Gaming projectors have evolved so much over the last few years, they’re now equal to TVs in terms of input latency, resolution, HDR, and smart features. However, projectors are by far superior in several key areas that are very pertinent for gaming. First off, screen size. There’s no way you’ll be able to pair your PS5 or Xbox Series console with a 120” flat screen TV without taking out a loan at the World Bank, that’s assuming you can find a TV in that size class. Projectors easily showcase your games on an image format that big or even larger while costing considerably less than the biggest TVs, which usually top out at 85” or so. Cost per inch, projectors beat TVs without even breaking a sweat.
Projectors are also easily quite bright, with a good gaming projector delivering 3000 lumens, which is around 800 nits. Not many TVs are able to consistently provide that kind of brightness, and it’s more than sufficient for good HDR.
The impact of enjoying games on a screen that’s more than twice the size of the average gaming TV can’t be understated. All things being equal, games feel and play much more impressive on a larger screen. And since gaming projectors have reached parity with gaming-minded TVs in most areas, things are indeed equal. However, not every projector that labels itself “gaming” deserves your attention. Proper gaming projectors have very specific features and capabilities that you need to remain mindful of. Let’s quickly look at those.
For most people, the total lag between pressing a button on a PS5 or Xbox Series controller and having the game respond to that on-screen should be less than 40ms. Thankfully, most good gaming TVs and projectors now have input lag of less than 20ms. And the really good ones go lower than that. The BenQ TK700STi manages native 4K 60Hz with 16ms, while the X1300i offers 1080p 120Hz with 8ms of total input latency. That’s not even noticeable and nearly worthy of e-sports class gaming. Without low input lag, games may feel sluggish and unresponsive to the point of being unplayable.
Also, with 8ms and 16ms and such fast response times, ghosting is not an issue at all. Ghosting refers to the smearing effect you get with moving visuals on a display device that’s too slow to update the screen in keeping up with input from the game. This hasn’t been an issue for TVs for a while for the most part, and now it’s not an issue with good gaming projectors, either.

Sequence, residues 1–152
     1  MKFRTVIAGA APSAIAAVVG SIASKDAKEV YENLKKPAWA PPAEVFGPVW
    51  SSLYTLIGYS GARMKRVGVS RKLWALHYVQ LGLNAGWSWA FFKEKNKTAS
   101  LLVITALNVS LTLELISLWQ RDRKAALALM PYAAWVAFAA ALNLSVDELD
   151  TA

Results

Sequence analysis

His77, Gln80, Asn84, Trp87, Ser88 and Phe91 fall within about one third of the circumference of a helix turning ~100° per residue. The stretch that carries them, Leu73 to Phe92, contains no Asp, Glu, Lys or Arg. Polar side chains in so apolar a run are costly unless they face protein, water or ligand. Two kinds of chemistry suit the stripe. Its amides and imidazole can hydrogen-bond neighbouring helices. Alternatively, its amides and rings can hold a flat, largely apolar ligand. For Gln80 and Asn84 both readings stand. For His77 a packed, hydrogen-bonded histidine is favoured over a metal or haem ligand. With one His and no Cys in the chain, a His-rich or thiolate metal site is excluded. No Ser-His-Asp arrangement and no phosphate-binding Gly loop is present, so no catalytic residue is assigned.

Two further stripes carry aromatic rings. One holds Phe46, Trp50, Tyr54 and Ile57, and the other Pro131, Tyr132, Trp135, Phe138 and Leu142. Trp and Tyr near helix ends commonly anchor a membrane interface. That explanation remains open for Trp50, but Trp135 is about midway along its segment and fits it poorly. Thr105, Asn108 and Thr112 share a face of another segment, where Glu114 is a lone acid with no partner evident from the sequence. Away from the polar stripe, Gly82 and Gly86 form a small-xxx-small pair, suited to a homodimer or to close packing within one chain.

BenQ gaming projectors have proven their merit in providing for responsive gaming experiences, and so there’s little wonder they keep making the “best of” lists.
Once upon a time TVs had the edge in resolution, but now gaming projectors have closed that gap. If you can, try getting a native 4K 60Hz projector like the BenQ TK700STi. That’s because most games on PS5 and Xbox Series X target 4K 60Hz. Sure, there are a few games that go up to 120Hz in 4K, but they’re quite rare and we believe for most of the current console generation 4K 60Hz will be the sweet spot.
You may opt for a 1080p 120Hz projector if you prefer to run games in higher refresh rates. That’s especially true if you set your PS5 to performance mode or actually want to go with an Xbox Series S, a great little console designed for 120Hz refresh in up to 1440p, but mostly 1080p if we’re being realistic. While 144Hz and 240Hz gaming projectors and TVs are not yet available, you can certainly enjoy 120Hz refresh on a massive screen right now so there’s no need to think twice. Gaming projectors are no longer limited to 60 frames per second as was the case not so long ago.
Since the PS5 and Xbox Series consoles depend on internet connectivity, we strongly recommend you get a gaming projector that’s up with the times. The X1300i and TK700STi from BenQ have that little “i” in their names because they’re internet-ready, with built-in Wi-Fi and Bluetooth. No dongles or adapters needed, just hook up and log in. Make this a priority when shopping for a projector, as it’ll prove very useful later on for everything from updates to content streaming.
Yes, there’s a gaming projector out there that’s eager to give you the big screen experience you’re after. You just need to be aware of the vital specs and features we listed, as you don’t want something laggy or with low refresh rate. There’s a lot of projectors that are great for movies and TV but may not be so ideal for the specific needs of gaming, hence this article. Good luck and happy trails!
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